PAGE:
This paper presents a novel theoretical conceptualization of football clubs and empirical evidence as to how supporter groups, owners, and others engaged to resolve threats to their club. We use boundary theory to understand the evolution of two football clubs’ ownership, financing, and governance structures and demonstrate how the blurring of club boundaries was linked to engagements in interface areas between the club and other social groups. We argue that the appropriateness of different combinations of ownership, financing, and governance practices should be evaluated in terms of how they support effective engagement spaces that negotiate relationships with codependent social groups. Conceptualizing football clubs as boundary objects provides some specific insights into changes observed in Scottish football clubs. However, this approach is relevant to other situations in which club success is dependent on cooperative engagements with multiple social groups that have both convergent and divergent interests in the club.
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Andrew Adams, Stephen Morrow, and Ian Thomson
Stephen H. Wong, Clyde Williams, and Neville Adams
This randomized, double-blind study examined the effects of rehydration per se and rehydration plus carbohydrate (CHO) ingestion during recovery (REC) on subsequent endurance running capacity. Nine men ran at 70% V̇O2max on a level treadmill for 90 min (Tl) on two occasions, followed by a 4 hour REC and a further exhaustive run at the same speed (T2). During the first 3 hours of REC, subjects drank either a 6.9% CHO-electrolyte solution (CE) or a CHO- and electrolyte-free sweetened placebo (PL) every 30 min. Volumes prescribed were 200% of the fluid lost after Tl. but the actual volume of fluid ingested during the REC ranged from 113–200% and 88.5–200% of the body mass lost for the CE and PL trials (NS). However, positive fluid balance was found in both trials after REC. During T2. run time was 24.3 ± 4.4 min longer in the CE trial (69.3 ± 5.5 vs. 45.0 ± 4.2 min; p < .05). Higher blood glucose concentrations were observed throughout REC in the CE trial. These results suggest that ingesting a CHO-electrolyte solution is more effective in restoring endurance capacity compared to the same large volume of placebo, even though complete rehydration was achieved in both trials.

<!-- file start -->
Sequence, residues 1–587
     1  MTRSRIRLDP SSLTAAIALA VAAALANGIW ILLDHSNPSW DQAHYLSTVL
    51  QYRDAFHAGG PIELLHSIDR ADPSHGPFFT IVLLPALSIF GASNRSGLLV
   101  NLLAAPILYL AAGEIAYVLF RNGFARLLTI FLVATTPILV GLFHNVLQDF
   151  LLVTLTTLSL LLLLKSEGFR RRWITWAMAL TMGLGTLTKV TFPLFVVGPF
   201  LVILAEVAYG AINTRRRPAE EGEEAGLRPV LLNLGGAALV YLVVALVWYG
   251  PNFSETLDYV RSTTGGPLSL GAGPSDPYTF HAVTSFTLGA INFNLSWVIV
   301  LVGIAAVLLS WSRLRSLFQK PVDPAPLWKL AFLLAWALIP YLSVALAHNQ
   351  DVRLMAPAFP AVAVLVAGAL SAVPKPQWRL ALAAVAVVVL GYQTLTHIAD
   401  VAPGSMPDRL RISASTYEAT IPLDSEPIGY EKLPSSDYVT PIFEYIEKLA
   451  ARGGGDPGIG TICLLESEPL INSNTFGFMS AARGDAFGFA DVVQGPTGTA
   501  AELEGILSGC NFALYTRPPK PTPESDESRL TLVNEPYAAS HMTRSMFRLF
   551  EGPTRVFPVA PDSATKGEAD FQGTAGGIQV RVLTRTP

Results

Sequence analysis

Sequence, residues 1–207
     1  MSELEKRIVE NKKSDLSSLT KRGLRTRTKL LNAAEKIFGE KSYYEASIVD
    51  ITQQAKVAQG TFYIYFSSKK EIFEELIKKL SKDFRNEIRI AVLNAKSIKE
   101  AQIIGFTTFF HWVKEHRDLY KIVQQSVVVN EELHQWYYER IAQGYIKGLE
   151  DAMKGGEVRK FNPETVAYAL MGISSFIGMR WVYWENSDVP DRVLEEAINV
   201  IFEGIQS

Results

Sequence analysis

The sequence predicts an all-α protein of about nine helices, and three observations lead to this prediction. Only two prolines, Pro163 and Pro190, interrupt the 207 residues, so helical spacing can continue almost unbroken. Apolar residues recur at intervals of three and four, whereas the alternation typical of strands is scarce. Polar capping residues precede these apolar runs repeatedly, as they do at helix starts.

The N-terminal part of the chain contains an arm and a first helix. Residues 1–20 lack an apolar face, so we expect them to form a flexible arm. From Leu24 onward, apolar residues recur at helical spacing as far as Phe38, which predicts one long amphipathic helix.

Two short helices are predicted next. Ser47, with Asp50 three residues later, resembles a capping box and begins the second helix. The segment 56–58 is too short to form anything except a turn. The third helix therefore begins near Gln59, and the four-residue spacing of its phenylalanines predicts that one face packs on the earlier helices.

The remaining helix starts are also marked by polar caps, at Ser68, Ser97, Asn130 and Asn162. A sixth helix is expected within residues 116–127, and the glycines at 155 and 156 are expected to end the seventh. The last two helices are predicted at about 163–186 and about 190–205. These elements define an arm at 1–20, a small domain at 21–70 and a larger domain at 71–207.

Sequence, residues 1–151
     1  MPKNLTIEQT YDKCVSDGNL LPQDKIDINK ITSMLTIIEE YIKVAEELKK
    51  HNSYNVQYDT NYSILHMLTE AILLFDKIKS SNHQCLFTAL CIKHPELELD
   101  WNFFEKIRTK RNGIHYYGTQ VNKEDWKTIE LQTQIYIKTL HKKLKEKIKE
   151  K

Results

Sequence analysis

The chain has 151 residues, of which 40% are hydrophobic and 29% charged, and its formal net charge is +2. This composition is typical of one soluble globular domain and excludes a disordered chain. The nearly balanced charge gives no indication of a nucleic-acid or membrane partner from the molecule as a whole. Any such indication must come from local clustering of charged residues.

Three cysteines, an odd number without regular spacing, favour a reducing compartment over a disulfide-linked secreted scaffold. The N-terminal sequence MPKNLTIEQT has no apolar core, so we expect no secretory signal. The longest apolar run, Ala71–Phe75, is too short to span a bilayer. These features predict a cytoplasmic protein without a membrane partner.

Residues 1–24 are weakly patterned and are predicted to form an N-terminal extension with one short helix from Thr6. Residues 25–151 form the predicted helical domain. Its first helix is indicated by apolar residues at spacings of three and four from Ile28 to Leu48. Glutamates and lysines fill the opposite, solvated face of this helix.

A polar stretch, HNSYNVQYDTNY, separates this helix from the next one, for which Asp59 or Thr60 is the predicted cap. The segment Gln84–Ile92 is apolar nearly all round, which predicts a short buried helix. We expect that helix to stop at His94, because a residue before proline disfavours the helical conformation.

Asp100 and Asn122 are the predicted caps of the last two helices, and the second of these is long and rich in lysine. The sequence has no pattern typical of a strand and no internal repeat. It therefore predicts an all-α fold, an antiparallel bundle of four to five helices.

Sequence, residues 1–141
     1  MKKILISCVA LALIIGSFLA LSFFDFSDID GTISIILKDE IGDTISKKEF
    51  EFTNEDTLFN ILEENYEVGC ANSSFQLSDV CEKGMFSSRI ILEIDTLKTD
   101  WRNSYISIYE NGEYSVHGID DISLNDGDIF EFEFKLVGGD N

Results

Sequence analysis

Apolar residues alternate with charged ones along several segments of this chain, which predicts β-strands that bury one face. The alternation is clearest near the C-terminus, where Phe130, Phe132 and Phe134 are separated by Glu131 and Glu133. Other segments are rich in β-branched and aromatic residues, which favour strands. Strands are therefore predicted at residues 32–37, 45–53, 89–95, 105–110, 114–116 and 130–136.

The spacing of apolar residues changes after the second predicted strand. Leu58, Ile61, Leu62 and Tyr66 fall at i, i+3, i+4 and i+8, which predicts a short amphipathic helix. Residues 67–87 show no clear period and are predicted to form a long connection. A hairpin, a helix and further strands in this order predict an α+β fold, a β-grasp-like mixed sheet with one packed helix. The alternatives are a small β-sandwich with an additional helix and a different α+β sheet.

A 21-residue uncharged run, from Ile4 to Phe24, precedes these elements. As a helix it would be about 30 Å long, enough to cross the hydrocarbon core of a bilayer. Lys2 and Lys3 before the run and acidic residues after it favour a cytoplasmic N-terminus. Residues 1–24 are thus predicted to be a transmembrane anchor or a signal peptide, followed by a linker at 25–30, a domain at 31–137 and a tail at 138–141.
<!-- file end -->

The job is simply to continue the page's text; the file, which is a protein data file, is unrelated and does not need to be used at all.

Stephen Adams, Courtney W. Mason, and Michael A. Robidoux
Ice hockey is known for its speed, skill and aggression. This paper uses an analyses of injuries in boys’ minor leagues and primary documents to examine competing discourses that surround participant safety which give meaning to broader hockey practices. We problematize a prevailing discourse that preserves the physicality of Canadian hockey and an emerging reverse discourse that prioritizes player safety. Theoretically informed by Foucault’s concepts of discourse, knowledge and power relations, we interpret the relationships between these two competing discursive streams which have created a public controversy, particularly concerning body checking, and intensified a polarizing national debate. Ultimately, we argue that these discourses impact the implementation of progressive injury prevention initiatives in minor hockey and youth sport.
Le hockey sur glace est réputé pour être rapide, technique et violent. Cet article utilise une analyse des blessures et documents de ligues mineures masculines afin d’examiner les discours qui circulent à propos de la sécurité des participants et qui sont reliés aux pratiques plus générales du sport. Nous mettons en évidence un discours dominant qui préserve la physicalité du hockey canadien et un discours contraire émergeant qui priorise la sécurité des joueurs. En nous appuyant au niveau théorique sur les concepts foucaldiens de discours, savoir et relations de pouvoir, nous interprétons les relations entre ces deux courants discursifs en compétition qui ont créé une controverse publique, particulièrement en ce qui concerne les mises en échec, et intensifié un débat national polarisé. En bout de ligne, nous avançons que ces discours influencent l’implantation d’initiatives progressistes de prévention des blessures dans le hockey mineur et le sport pour les jeunes.